A Bride's Dilemma in Friendship, Tennessee
A Bride's Dilemma in Friendship, Tennessee
Was she his reward or bequest? She didn’t see herself as either.
Heaven Wharton has little left but her pride and a little sister who needs her. Struggling to keep them both fed she prays to hear from her father before they starve, but the answer comes in an unexpected way.
Dr. Travis Logan was finished with medicine and the war—both required fighting and he was through. The unexpected little patch of heaven given to him would be the perfect escape.
A dying promise puts Travis and Heaven in a situation neither saw coming. As they both struggle to control their destiny in a country torn apart by the Civil War, will they finally realize only a heart that follows God can find true peace and happiness?
You’ll love this whimsical happy-ever-after story with its determined young heroine and touches of lighthearted humor. A Bride's Dilemma in Friendship, Tennessee is a heartwarming Christian historical romance set at the end of the American Civil War by best-selling author Diana Lesire Brandmeyer.
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TRAVIS LOGAN LEANED over the deck railing and watched the river swirl and froth as the steamboat shoved its way through the muddy Mississippi. An older gentleman stood next to him. Travis hadn’t seen him on board before. “Nice out here on the water.”
“Better than down below.” The man swayed.
“Are you feeling okay, sir?” Travis reached over and steadied him while he grasped the railing.
“Must be the motion. It’s the first trip I’ve taken on a big ship.” The man’s knuckles were white.
The man did look a bit green. Some people couldn’t handle the rhythm of the ship. “The fresh air should help.” Travis relaxed. Other than suggesting a piece of ginger to settle the man’s stomach, there was little he could do for seasickness as a doctor. And he’d left that life behind. Now a horse claimed his thoughts and his future. He walked a few paces away and then stopped. He should offer the man some assistance, maybe collect a family member? He turned back to ask, “Can I get someone for you?”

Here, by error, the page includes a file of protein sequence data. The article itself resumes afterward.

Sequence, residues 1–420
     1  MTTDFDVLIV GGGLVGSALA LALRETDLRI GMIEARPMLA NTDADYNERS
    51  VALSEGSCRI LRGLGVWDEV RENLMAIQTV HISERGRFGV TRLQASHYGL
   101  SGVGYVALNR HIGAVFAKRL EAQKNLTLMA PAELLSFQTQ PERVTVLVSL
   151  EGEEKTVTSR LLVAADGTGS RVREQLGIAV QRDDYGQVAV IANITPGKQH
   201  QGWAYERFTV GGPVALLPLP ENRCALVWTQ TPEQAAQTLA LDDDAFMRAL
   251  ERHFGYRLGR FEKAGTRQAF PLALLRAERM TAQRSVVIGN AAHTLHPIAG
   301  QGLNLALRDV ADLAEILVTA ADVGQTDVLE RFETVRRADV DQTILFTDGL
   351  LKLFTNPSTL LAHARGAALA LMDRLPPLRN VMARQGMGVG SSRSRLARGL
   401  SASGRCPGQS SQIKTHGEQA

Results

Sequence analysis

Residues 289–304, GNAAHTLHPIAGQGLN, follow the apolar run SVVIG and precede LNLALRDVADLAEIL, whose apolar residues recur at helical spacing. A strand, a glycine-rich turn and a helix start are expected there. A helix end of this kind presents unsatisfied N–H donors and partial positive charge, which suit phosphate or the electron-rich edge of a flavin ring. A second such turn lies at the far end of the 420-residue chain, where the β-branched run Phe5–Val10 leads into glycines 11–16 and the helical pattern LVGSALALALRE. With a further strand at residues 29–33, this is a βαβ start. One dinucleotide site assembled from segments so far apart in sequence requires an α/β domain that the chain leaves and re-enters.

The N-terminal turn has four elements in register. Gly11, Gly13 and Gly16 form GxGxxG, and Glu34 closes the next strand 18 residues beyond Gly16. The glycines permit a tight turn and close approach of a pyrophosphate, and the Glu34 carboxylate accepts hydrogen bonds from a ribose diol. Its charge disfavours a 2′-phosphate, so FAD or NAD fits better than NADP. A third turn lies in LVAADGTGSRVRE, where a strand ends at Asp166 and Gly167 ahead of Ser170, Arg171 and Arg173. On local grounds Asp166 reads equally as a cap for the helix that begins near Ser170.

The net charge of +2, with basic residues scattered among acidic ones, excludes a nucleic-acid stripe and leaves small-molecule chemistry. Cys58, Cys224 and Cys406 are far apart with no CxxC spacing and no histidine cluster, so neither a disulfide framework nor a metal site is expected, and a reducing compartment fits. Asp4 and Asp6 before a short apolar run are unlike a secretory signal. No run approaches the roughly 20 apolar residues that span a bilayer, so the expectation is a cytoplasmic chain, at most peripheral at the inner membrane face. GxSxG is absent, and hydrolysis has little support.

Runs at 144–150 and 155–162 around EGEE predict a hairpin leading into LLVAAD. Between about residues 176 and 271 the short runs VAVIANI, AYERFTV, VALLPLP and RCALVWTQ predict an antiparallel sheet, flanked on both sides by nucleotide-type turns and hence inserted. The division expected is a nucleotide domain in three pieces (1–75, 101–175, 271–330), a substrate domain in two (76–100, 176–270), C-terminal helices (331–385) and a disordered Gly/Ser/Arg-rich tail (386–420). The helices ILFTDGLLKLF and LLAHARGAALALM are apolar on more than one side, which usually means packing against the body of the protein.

The man released the rail and dropped to the steamboat deck with a thud. Travis’s physician training kicked his future out of the way. He automatically knelt and felt for a pulse. It was there. Weak, but there.
“Sir, can you hear me?”
No response came from the man. Sweat beads swelled on his forehead and dripped down his neck. Either the man had been overcome with heatstroke, or worse, had some kind of fever. Pricks of fear stabbed Travis’s neck. He’d been at the bedside of too many men who had succumbed to a fever during the War Between the States. And he couldn’t prevent their deaths.
Feet shuffled around him as a small crowd of passengers gathered in a half circle to gawk and whisper.
“Someone run after the ship’s doctor.” He didn’t mind giving that order. It would be best for the man and Travis.
“Doctor got off at the last stop in Cairo, Illinois. We’re picking up the new one in St. Louis,” a deckhand pushing a mop called out.
Travis’s jaw tightened. “Anyone know this man’s name? Where his cabin is?” He searched faces for some indication of recognition and saw none.
There were mumbles as the man’s identity was discussed, but no clear response came other than he’d been seen boarding the ship in Memphis alone.
A flock of seagulls squawked as they flew overhead, casting shadows that flittered across the unconscious man’s face.
“Is there an infirmary at least? Perhaps the captain can look in on him.” Travis didn’t want to announce he was a doctor. If he did, he’d likely be pressed into service until St. Louis.
“There’s a room the old doc used a few floors below deck.”
“Let’s take him there then. I’ll help you get him there.” He hoped the captain would take charge of the patient, leaving Travis to go back to planning his life as a horse breeder.
The deckhand propped his mop between a brass spittoon and the rail. The wooden handle clunked against the brass.
Travis draped the older man’s arm around his shoulder and waited for the deckhand to do the same. Then they lifted him.
“Where are we going?” The man rallied for a moment. “I don’t feel so good.”
“We’re taking you to the infirmary, sir. What’s your name?” Travis hoped for details, but none came.
After a while, the man woke. During his short lucid periods, Travis learned his name was Caleb Wharton from Friendship, Tennessee. More importantly, before dying, Caleb Wharton had given Travis the deed to his land and offered him heaven.